Ron went to his mom's for a couple of nights a while ago and I felt such a sense of freedom, just with the knowledge that I was responsible for no one but myself! I thought then that I want to do it each month while we are able - it's nice for Ron to have the break, and really lovely for his mom to have time with him. Ron is not hard to live with at all, but he is often very confused and need a lot of reminding about things, and help with motivation, but nothing like what you're going through. By the way, I felt no guilt, just pure joy at the freedom...
  5. Skye

    Skye Registered User

    Aug 29, 2006
    SW Scotland
    Hi Westie

    Please don't feel guilt. There's no need at all. You are doing a wonderful job looking after Peter, and to allow his brother to share with you is a gift for all of you. Seize every opportunity you can, and enjoy it with a cler conscience. You desrve it.

  6. SusanR

    SusanR Registered User

    Apr 29, 2007

    No, you should not feel guilty. It is so easy to say it to others. But, guilt is a continuous problem for me - guilt that I sent my husband away. I hope one day it will pass.

  7. sue38

    sue38 Registered User

    Mar 6, 2007
    Wigan, Lancs
    Yep, I'm there with the guilt today. My sister told my Mum, in no uncertain terms, to call her not me if she was having problems with my Dad this weekend.

    Today I haven't called anyone, don't know how my dad is since I dropped him off yesterday at 9 p.m., and have done nothing productive (except some on-line retail therapy) and it was fabulous, but find it difficult letting go even for 24 hours.

    Feel so much more ready to face tomorrow.

  8. Charlyparly

    Charlyparly Registered User

    Nov 26, 2006
    Hi Westie,

    Don't feel guilty.

    You have to re-charge to be able to carry on working properly.

    It's that simple.

    Take care,

    Charly xx :)
  9. Nell

    Nell Registered User

    Aug 9, 2005
  10. Westie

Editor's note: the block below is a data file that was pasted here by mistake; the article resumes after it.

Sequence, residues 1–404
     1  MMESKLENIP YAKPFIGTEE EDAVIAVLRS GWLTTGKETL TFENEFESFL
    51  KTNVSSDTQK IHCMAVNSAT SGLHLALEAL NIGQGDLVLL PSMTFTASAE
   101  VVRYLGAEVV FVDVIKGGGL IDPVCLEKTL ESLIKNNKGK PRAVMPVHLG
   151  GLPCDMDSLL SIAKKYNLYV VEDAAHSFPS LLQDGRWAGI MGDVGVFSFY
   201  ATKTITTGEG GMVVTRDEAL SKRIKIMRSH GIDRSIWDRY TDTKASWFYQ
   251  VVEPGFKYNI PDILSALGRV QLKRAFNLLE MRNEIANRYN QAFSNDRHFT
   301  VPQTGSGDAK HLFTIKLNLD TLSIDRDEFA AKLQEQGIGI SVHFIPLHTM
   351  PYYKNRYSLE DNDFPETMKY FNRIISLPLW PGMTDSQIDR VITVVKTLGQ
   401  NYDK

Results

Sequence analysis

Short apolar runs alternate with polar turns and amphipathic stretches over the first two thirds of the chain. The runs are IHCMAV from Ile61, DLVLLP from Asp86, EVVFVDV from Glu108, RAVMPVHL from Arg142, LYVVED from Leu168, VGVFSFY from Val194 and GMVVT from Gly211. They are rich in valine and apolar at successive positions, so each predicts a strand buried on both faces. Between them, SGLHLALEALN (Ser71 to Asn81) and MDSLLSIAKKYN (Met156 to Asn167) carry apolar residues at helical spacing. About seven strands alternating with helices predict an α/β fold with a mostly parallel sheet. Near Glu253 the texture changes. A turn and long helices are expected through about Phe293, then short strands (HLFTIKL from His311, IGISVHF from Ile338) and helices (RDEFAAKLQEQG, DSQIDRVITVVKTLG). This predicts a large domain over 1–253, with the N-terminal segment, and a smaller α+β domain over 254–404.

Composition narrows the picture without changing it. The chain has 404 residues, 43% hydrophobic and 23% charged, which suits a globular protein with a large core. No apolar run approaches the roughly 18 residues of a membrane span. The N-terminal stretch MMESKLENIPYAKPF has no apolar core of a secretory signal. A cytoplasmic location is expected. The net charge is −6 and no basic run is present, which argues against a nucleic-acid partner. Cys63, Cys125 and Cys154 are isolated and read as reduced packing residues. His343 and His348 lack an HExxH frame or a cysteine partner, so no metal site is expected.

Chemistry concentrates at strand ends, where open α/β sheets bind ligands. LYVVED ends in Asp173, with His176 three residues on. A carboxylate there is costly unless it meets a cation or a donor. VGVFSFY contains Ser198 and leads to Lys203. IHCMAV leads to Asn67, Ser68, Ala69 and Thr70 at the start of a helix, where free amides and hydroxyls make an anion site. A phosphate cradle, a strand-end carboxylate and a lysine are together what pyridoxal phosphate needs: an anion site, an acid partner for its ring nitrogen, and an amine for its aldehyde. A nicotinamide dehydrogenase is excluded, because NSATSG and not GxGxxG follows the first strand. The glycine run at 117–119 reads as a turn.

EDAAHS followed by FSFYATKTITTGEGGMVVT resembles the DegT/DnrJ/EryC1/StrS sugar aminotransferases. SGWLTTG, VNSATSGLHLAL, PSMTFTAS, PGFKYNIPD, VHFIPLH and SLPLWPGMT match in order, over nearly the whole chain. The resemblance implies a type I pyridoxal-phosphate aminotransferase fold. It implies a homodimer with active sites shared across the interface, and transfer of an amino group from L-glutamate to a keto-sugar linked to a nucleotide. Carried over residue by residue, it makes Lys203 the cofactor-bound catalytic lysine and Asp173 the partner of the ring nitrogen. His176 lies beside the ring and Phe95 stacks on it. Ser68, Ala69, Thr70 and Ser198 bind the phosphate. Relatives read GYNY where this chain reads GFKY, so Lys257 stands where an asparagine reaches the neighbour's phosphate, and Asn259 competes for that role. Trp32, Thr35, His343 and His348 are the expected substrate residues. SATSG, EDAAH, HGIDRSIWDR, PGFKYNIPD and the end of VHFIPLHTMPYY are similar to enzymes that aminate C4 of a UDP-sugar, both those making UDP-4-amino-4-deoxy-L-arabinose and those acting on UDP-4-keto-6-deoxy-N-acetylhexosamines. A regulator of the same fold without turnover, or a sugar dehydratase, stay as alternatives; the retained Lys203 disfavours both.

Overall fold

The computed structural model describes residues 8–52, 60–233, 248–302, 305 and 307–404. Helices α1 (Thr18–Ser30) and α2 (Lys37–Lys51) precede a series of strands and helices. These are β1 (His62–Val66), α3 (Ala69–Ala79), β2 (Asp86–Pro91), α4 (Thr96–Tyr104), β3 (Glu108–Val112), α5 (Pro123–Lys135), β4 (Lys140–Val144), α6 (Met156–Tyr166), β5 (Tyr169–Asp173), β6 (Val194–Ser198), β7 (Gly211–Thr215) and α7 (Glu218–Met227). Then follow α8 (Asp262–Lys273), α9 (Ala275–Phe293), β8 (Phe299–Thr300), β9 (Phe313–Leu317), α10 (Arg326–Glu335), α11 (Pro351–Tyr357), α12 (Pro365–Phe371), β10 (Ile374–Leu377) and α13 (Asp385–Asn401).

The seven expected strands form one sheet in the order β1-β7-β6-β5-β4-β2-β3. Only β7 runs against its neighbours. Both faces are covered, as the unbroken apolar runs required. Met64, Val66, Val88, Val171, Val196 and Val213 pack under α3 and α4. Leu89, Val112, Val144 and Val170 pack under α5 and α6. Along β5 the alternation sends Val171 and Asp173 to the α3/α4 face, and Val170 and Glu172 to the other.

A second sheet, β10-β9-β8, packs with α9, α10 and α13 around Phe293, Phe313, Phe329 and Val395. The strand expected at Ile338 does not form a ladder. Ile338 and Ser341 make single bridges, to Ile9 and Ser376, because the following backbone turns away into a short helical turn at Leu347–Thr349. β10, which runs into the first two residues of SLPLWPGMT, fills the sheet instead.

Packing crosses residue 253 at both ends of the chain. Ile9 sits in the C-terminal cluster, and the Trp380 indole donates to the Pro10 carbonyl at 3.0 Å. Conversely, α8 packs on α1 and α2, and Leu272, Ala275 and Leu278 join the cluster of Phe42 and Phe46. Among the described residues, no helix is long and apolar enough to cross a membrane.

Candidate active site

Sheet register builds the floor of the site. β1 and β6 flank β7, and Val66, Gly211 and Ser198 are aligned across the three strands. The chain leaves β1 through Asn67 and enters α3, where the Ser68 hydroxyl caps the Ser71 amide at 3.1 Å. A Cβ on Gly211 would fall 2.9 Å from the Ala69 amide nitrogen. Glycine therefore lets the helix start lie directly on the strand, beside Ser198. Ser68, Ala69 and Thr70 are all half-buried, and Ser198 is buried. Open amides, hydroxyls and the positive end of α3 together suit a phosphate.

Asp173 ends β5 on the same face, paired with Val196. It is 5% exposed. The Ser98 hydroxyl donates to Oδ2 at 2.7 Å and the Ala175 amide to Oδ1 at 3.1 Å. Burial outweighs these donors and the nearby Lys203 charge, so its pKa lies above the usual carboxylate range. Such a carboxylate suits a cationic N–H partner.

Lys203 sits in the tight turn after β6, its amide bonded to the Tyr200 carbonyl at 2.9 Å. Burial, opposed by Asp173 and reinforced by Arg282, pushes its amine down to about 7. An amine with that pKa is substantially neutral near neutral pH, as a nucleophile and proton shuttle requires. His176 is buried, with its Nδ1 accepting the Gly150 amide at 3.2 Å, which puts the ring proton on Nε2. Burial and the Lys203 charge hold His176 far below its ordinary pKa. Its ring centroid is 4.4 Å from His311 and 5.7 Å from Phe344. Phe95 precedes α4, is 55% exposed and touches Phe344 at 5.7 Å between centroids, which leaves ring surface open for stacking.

Westie Registered User

    Thank you all

    Thanks for all your messages of support.

    Nell - a child free weekend as well........miracle! At the moment though it is such a treat to spend decent time with them alone.

    Peter seems to have enjoyed his 'sleepover' and told me he slept really well. Different story from my sister in law who said he was up at least 5 times during the night. Normal night then. They all looked worn out after 1 night so did me good to realise how well I am actually coping with it!! Anyway, they have offered to do it again in 3 weeks time - I jumped at it.

    Annesharlie - how lovely for Ron to be able to spend time with him Mum. Lovely for all of you. Make the most of these relatively 'good' early times.

    The changes in Peter in just 8 months are frightening when I look back. (keeping a diary as suggested by Bruce) Daren't look ahead 8 months - too scary.

    Hope you all have a good day today - I have to plan a birthday. Our daughter is 10 on wednesday. That will be a very bitter/sweet day I think.
  11. Grannie G

    Grannie G Volunteer Moderator

    Apr 3, 2006
    #11 Grannie G, May 28, 2007
    Last edited: May 28, 2007
    Dear Westie,

    Fantastic!!! On both counts. That you know how well you`re coping and that Peter has been offered another sleepover.

    I hope your daughter has a really happy birthday.
  12. Skye

    Skye Registered User

    Aug 29, 2006
    SW Scotland
    Westie, you're coping brilliantly!

    Let's hope Peter's family make it a regular date!

    Hope your daughter has a wonderful birthday.